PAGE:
This can be seen in the earliest published version, from The Book of Lost Tales Volume 2, page 115:

After Turin has committed suicide by asking his own sword to slay him (a request to which the sword verbally agrees) - we discover this:


Turambar indeed had followed [his sister] Nienori along the black pathways to the doors of [the death goddess], but [she] would not open to them, neither would [Mandos - the Valar of death].

Yet now the prayers of [their parents] came even to Manwe [the highest Valar], and the Gods had mercy on their unhappy fate, so that those twain Turin and Nienori entered into ... the bath of flame... and so were all their sorrows and stains washed away, and they dwelt as shining Valar among the blessed ones, and now the love of that brother and sister is very fair;

but Turambar indeed shall stand beside Fionwe in the [Last Battle]; and [Morgoth] and his [dragons] shall curse [Turin's sword].


The meaning now becomes very obvious, and the underlying reason for Tolkien's decades long fascination with this story.

Turin Turambar is Man, Everyman - in all his weakness and his strength; the greater his strength, the more evil he accomplishes in the end.

Crippled by original sin (his impulsive violence and bad temper and despair), whose undoubted valour and heroism all lead to evil.

His will to Good being always perverted to wickedness; the stronger the will, the worse the consequences.

Man who is puny, easily manipulated and apparently helpless in the face of the relentless evil will of the god, the fallen chief angel of Morgoth/ Satan and his demons (the dragons).

Man who, despite the ultimate human achievement of slaying a dragon, is finally utterly broken in spirit by accumulated sorrow from the torturing fate laid upon him by these vastly superior forces of malice so that he commits the final mortal sin of seeking his own death...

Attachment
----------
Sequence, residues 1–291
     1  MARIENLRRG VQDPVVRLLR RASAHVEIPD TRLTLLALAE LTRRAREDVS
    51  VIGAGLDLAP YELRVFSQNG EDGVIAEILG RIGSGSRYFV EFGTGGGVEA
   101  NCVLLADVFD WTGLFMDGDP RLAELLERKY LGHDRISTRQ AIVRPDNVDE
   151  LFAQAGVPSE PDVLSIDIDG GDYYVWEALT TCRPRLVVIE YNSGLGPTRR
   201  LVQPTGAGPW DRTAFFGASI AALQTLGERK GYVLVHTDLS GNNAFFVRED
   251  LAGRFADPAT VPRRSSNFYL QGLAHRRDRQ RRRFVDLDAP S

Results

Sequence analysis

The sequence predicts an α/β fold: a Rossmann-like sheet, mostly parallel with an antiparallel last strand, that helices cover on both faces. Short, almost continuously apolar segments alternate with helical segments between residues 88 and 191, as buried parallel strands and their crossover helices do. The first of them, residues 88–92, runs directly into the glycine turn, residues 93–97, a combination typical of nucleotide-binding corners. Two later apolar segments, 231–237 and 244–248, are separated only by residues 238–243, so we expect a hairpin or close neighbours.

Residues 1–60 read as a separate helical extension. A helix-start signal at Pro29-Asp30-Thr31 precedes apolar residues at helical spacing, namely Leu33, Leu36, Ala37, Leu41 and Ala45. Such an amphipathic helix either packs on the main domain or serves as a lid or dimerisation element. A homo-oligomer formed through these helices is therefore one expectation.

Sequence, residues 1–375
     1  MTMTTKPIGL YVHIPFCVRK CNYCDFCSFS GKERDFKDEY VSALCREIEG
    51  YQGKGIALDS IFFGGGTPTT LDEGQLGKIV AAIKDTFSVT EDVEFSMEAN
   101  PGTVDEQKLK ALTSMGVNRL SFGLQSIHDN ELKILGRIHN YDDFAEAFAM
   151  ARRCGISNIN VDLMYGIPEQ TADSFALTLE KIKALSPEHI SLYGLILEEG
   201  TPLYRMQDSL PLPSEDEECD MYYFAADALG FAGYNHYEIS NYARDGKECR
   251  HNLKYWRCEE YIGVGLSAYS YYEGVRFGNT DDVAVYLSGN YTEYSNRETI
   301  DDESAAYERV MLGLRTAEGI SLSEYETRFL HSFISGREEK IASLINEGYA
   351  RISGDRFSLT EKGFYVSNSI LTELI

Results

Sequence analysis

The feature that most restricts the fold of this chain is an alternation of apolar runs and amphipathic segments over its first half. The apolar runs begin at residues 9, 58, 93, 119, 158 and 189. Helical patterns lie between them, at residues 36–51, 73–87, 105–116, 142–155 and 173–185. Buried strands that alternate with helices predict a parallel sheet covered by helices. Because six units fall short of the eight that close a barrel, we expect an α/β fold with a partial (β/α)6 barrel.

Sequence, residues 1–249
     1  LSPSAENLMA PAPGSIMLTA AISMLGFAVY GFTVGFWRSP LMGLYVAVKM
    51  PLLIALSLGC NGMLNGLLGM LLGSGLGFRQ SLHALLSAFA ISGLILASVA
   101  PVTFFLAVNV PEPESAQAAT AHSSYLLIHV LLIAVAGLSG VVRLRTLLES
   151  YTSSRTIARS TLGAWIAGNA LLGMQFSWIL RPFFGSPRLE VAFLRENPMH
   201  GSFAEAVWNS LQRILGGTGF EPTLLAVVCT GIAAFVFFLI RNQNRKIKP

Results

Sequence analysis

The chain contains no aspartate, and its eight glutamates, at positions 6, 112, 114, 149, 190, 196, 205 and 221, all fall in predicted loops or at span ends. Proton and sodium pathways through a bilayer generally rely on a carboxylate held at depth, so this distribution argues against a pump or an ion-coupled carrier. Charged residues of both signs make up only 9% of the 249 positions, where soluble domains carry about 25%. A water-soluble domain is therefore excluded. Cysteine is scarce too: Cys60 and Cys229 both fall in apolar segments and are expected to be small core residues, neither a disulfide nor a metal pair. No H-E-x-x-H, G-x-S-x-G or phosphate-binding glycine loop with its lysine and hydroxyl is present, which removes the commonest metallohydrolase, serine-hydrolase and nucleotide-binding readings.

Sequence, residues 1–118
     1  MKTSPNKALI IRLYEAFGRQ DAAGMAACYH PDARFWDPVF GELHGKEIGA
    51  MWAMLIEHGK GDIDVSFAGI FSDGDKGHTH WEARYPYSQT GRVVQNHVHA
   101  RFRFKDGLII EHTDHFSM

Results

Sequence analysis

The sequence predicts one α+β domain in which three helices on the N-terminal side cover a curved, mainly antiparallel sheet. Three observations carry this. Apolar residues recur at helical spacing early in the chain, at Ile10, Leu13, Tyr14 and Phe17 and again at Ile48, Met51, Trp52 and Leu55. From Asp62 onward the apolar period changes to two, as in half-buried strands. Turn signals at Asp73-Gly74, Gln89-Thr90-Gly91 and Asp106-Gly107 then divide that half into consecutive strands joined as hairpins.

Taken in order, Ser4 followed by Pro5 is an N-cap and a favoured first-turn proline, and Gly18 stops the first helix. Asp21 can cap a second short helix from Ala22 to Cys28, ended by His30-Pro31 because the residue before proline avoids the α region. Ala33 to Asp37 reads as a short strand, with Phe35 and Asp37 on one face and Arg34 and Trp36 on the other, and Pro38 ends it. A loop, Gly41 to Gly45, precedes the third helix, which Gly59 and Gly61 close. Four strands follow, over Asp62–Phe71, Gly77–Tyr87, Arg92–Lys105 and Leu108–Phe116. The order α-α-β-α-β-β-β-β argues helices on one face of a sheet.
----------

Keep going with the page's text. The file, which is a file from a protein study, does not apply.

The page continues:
Where is any possible hope in this?


And yet...

It is this same Everyman who is resurrected via the purification of the purgatorial fire, to become a Son of God, higher even than The Valar' - as symbolized by the fact that it is Turin Turambar who slays Satan and inaugurates the re-made world (the New Jerusalem, Heaven in Earth)

- as described in the second prophecy of Mandos in the Quenta Silmarillion:


Man redeemed who thereby accomplishes a task impossible to any of the gods, or all of the gods.


Presumably Tolkien recognized the too-obvious Christian symbolism behind the early versions of the Tale of Turin Turambar, and deleted the denoument.

Yet that was the origin of the Tale, and that is what makes sense of it; and indeed of the Silmarillion as a whole.


Tolkien knew that despair was a sin and hope a Christian duty; yet the reason for hope got left-out of the published Silmarillion.

This whole sequence of events in the evolution of the Silmarillion legends can be taken as evidence that Christianity is the only ground for hope in this world as we know it.

And that insofar as Tolkien eliminated Christianity from his Legendarium, thus far he necessarily eliminated hope.


Tuesday, 6 November 2012

Roverandom Reviewed


Among the works of JRR Tolkien that were unpublished during his lifetime, there is a wide range.

At the summit are things like The Marring of Men


Which is essential reading for any Tolkienian.

And at the base are things like Mr Bliss; which is little more than a diversion - you are missing nothing if you have not read it.


Somewhere in the middle are things like The Father Christmas Letters and Roverandom ; these are well worth reading (and looking at the pictures), your time will be amply rewarded - but they are non-essential.

I find Roverandom somewhat better than the FCLs. The plot does not seem worth summarizing, and it would be better to leave the various twists as a surprise; but there is a very pleasing atmosphere and style about the whole thing; a fluidity and a fluency, and a warmth of wit, that I find utterly charming.

Perhaps I most enjoy the vivid sense of Tolkien's personality, and in particular that aspect which was a good and loving Father.


The book has a few illustrations, all of which are worth a second glance, one of which is a fine drawing of a mountain, and another of which is a detailed and large scale waterclour of the Mer-King's palace - this is certainly one of the very best artworks Tolkien ever did; a really lovely thing.